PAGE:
For the past week, I’ve been using the Ring Video Doorbell. It’s still early in the process, and I may follow up with a more in-depth post later on, but for now, here are my first impressions on the experience.
Ring has two models of doorbell: the Video Doorbell ($199 MSRP), and the Video Doorbell Pro ($249 MSRP). At first glance, the most obvious difference is the size of the two models. The standard model measures 4.98 inches tall, by 2.43 inches wide, by .87 inches deep. The pro is smaller overall: 4.50 inches tall, by 1.85 inches wide, by .80 inches deep.
Both come in a variety of color choices. The standard model comes in one of four finishes: Venetian Bronze (black and dark-toned bronze); Polished Brass (black and light-toned gold); Antique Brass (black and dark-toned gold); and Satin Nickel (black and silver).
The Pro comes included with four interchangeable faceplates: black, dark gray, silver, and white. This has the added benefit of allowing the owner to keep the same unit but change its exterior, should it be time for a new paint job, for example.
As this was going to be mounted on a dark background, I knew I was going to want the darkest model I could get. The smaller Pro was attractive, but I was disqualified from getting it due to my wiring. You see, both the standard model and the Pro are designed to work with typical doorbell wiring; but only the standard model can work without this wiring, instead using its built-in rechargeable battery for power. I suppose the lack of a battery is how the Pro can be so much smaller. Having the choice made for me, I selected the Venetian Bronze model and brought it home for installation. And this proved to be the next challenge.
In the package, they include almost everything needed for a typical installation: charging cable, a small bubble level, double-ended driver bit, wood screws and anchors, and a masonry drill bit (see video below). Unfortunately, my setup is not typical. My porch is behind a thick metal screen door, and as I’m renting, I wasn’t about to drill any holes. My plan was therefore to mount the doorbell directly onto the firm screen. Instead of using the included wood screws, I bought some machine bolts of the same diameter, which I threaded through the holes in the mounting bracket and the screen, and attached on the other side with wing nuts. Once the bracket was attached, I followed Ring’s very user-friendly video instructions the rest of the way to mount the doorbell onto the bracket, securing it tightly with its built-in security screws.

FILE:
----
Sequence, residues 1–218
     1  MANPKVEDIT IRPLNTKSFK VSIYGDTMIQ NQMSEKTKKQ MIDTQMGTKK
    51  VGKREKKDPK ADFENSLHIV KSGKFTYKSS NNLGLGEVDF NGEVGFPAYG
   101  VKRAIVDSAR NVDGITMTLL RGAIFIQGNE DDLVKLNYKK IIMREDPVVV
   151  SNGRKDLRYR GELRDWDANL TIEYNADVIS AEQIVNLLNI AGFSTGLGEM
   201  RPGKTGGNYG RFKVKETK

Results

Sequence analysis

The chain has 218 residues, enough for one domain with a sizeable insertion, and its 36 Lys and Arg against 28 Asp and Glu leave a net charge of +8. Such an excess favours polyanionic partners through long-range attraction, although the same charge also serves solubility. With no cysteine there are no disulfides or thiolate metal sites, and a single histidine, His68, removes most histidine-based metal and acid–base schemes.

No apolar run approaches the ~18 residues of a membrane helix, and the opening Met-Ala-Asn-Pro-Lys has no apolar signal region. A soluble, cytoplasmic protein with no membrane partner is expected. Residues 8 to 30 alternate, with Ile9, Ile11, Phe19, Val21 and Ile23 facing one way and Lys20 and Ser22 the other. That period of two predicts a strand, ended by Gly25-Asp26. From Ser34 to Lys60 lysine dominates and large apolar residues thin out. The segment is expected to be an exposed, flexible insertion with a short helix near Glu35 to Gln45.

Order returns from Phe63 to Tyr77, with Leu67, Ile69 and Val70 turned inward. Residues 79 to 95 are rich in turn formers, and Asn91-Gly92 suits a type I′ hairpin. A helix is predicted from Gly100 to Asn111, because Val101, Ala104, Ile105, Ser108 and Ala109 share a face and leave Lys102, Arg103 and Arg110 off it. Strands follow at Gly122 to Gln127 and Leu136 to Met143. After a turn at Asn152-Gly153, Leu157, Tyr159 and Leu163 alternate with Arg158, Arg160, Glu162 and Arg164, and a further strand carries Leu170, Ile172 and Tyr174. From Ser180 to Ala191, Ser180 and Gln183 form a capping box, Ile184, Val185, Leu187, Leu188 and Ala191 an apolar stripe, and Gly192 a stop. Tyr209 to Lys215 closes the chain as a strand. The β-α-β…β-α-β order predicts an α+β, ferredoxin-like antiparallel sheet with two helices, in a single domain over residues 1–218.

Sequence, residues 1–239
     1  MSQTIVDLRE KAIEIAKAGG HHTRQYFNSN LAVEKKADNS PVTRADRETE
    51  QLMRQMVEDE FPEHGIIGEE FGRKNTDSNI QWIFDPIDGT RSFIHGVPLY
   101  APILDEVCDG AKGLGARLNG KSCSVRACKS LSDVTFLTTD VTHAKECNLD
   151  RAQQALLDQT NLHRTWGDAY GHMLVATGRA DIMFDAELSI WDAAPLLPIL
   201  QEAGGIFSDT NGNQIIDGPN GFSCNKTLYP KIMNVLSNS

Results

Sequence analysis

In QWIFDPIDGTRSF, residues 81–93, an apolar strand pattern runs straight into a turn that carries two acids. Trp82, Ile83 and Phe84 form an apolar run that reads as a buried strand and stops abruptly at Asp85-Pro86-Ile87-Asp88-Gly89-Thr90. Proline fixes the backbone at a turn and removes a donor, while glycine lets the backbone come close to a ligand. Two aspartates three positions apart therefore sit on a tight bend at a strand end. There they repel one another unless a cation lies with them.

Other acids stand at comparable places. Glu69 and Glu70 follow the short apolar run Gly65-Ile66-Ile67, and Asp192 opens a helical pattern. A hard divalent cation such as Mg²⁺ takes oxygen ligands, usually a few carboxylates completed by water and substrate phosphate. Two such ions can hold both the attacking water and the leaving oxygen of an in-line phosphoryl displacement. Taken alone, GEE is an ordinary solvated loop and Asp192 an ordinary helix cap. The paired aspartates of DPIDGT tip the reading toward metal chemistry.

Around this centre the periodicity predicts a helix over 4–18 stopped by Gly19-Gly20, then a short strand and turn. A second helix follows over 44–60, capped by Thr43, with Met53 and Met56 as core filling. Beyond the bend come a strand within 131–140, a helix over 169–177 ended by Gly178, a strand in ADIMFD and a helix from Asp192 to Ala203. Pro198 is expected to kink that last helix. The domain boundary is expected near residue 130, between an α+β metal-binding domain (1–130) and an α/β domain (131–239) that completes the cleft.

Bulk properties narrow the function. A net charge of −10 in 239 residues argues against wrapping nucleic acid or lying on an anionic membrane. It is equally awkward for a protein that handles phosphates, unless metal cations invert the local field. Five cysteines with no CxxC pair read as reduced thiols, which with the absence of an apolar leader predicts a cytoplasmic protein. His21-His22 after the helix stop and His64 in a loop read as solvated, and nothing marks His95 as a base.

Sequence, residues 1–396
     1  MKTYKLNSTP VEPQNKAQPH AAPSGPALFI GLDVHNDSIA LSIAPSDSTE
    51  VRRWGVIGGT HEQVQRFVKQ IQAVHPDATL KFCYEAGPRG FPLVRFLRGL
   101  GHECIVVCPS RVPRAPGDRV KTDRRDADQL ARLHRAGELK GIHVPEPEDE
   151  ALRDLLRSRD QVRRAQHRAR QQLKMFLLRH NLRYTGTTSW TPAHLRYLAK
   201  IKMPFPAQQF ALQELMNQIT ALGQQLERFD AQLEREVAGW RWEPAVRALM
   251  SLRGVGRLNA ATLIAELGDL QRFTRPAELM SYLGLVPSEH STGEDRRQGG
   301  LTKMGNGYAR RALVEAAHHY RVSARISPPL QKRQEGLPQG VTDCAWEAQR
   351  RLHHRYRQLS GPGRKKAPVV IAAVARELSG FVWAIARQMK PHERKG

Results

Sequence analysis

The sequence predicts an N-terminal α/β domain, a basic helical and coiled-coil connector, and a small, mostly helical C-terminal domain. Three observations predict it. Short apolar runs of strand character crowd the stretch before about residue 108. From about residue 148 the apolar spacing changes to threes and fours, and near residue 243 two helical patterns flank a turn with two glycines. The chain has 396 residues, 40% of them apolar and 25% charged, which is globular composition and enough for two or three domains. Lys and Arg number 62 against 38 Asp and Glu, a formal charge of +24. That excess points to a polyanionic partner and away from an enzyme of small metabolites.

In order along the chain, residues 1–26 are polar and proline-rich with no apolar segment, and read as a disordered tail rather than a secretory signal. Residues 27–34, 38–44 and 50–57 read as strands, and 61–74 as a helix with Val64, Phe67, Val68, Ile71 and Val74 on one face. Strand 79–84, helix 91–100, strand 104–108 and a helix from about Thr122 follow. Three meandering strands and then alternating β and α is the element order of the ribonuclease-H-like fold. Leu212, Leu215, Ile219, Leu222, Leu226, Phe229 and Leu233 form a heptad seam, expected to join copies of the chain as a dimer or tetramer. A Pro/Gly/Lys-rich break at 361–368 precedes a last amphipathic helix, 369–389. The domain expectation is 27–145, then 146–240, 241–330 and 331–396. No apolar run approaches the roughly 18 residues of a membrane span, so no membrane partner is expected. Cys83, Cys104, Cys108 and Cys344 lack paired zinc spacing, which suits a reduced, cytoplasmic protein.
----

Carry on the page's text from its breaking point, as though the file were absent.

(NOTE: before attaching the doorbell to the bracket, I made sure to charge it fully with the included micro USB cable. Time will tell how long it lasts on a single charge with real-world usage.)
This part was more challenging than I expected. My wifi network primarily uses the 5-GigaHertz (GHz) band, but the standard model only supports the older 2.4GHz frequency. The Pro, among its other benefits, supports 5GHz. Even after selecting the 2.4GHz band on my network, connecting still proved frustrating, to the point where I had to swallow my pride and contact their tech support division. Strangely, this is the only tech company I’ve dealt with whose phone support is actually open later than their online “chat” support. Given that their device can fall in the “security” category, I hope they eventually extend their support hours [8 am – 6 pm PT by phone, or 8 am – 5 pm PT for chat] to later into the night, or perhaps even 24 hours.
Regardless, the phone support operator made short work of my issue, helping me to do a hard reset on the device and restore it to factory settings. Once I had cleared out the remnants of my previous, failed attempts, I was able to join my 2.4GHz wifi network and continue setup.